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 PAST ISSUES
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star struck

In first Gere
Richard Gere talks politics and has a dance with Prime Minister Junichiro Koizumi

By Chris Betros
Courtesy of gaga

Everyone wanted to ask Richard Gere about his latest movie Shall We Dance? But the 55-year-old actor really wanted to talk politics. So when none of the 600 media present at his news conference in Tokyo would ask him about China or Tibet, the activist-star took matters into his own hands. “I just want to say that the EU should not lift its embargo on arms sales to China,” he said.

“That would be rewarding their anti-secession law. And I want to give a hand to your Prime Minister Junichiro Koizumi for taking that point of view.”
Which is what he literally did during a courtesy call on the 63-year-old prime minister. During their meeting, Koizumi surprised Gere by asking if he would like to dance. “OK, but I’ll be the man,” said Gere as the two twirled around. Making his seventh trip to Japan, Gere said his stepdaughter had told him that Koizumi was the “Japanese Richard Gere.” Looking debonair with his silvery hair, Gere is also currently appearing in ads for men’s esthetic company Dandy House.

The original Japanese film Shall We Dance? was a big hit everywhere and Gere has the part played by Koji Yakusho. “All of us realized we couldn’t remake the Japanese film. It was perfect,” he said. “We tried our best to make an American version with great intentions to honor the Japanese film that inspired it. Koji’s performance was simple, subtle and went deep. Our movie is not just about a guy going through a midlife crisis. It is more mysterious than that. We focus more on the marriage and expand the part played by Susan Sarandon. The theme is about the expansion of one’s art, mind and boundaries.”

Following his tap-dancing routine in Chicago, Gere proves himself adept at ballroom dancing in Shall We Dance? “I was 13 the last time I did social dancing,” he said. “My first lesson in rehearsal was pathetic. I did three months of intense rehearsals, so by the end I was able to fake it pretty well.” Gere said the biggest mistake he made was not opening a dance school after making the movie. “I’d be very rich by now. Everyone who has seen the movie thinks I am a good dancer.”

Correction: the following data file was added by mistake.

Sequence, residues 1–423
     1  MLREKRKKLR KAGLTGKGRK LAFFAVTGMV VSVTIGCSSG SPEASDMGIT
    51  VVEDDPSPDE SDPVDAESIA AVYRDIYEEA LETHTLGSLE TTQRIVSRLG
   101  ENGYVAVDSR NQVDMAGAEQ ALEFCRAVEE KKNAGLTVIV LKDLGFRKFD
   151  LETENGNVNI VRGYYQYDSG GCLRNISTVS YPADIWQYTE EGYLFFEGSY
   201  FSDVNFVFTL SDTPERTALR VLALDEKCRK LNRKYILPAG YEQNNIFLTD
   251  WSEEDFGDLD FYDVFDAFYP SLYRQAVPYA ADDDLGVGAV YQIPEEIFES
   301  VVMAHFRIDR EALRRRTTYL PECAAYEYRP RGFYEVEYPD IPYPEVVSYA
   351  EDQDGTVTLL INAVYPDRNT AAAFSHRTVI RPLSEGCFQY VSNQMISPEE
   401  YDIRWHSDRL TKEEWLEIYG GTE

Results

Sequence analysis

Unlike his character, who starts dancing to break the monotony of his life, Gere said he never gets bored. “My life is full. I wish I had an opportunity to get bored. The secret to leading a full life, I think, is to always be connected to the child within you.”



the scene

Diamonds are forever
Diaddict unveils its absolute diamond collection

The Imperial Hotel hosts a sparkling occasion in collaboration with Intervent: Yuriko Kokubun wears a ¥57.75 million diamond ring; magician Suta Tanaka amuses Miyo Ito; Alicia Tribukait, left, Emma Jenkins, center, and Jobelle Salvador enjoy the exhibition; Intervent’s Salvatore Salvino, left, and Rick Roa

 

 

Q&A

John Einarsen
Standing Up for Independent Media

After making his first visit to Japan in 1974 on a navy minesweeper, John Einarsen moved to Japan in 1978 and founded Kyoto Journal in 1986.

Have you lived in Kyoto all this time? Yes, except for two years in Hokkaido.

Didn’t you like Hokkaido?
I did, but I had good friends settling in Kyoto and I liked the scene there.

How does Kyoto Journal differ from other magazines?
We are non-profit and all volunteer. We don’t have a template, so each issue evolves organically—we often don’t know where we will end up. We have no office, but have contributors and readers from all over the world. We look for sincerity, depth and clarity of thought. Some people think we are a magazine about Kyoto, but nothing could be further from the truth. We feature a diversity of cultural and social issues that span Asia.

Which issue are you most proud of and why? I am never 100 percent satisfied, but one of our most remarkable issues was “Kyoto Speaks”, in which we interviewed 58 Kyotoites about their city. There is nothing better though than right at the beginning, when you have 96 blank pages to fill.

Have you published anything that you later regretted? No. Many, many things could have been done better and many mistakes were made, but all of that is part of the process and something you cannot regret.

To what do you attribute your magazine’s endurance? A wonderful sponsor (the Heian Bunka Center), great contributors, steady jobs to support our families, and an incredible stream of volunteers.

What’s your steady job? I teach at two universities (Seika University and Kyoto Gaidai) part-time and do freelance design work.

What’s Kyoto got that Tokyo hasn’t? I’m often running into friends by chance on the streets, at temples and in coffee shops. Kyoto Journal mini-meetings often happen this way.

What do you read apart from Kyoto Journal (given that you can’t get Metropolis over there?)
Resurgence, www.commondreams.org, Shambhala Sun, IHT, Kansai Time Out, Orion, Ode, and Granta. www.kyotojournal.org M

Would you like to comment on this article? Send a letter to the editor at letters@metropolis.co.jp.

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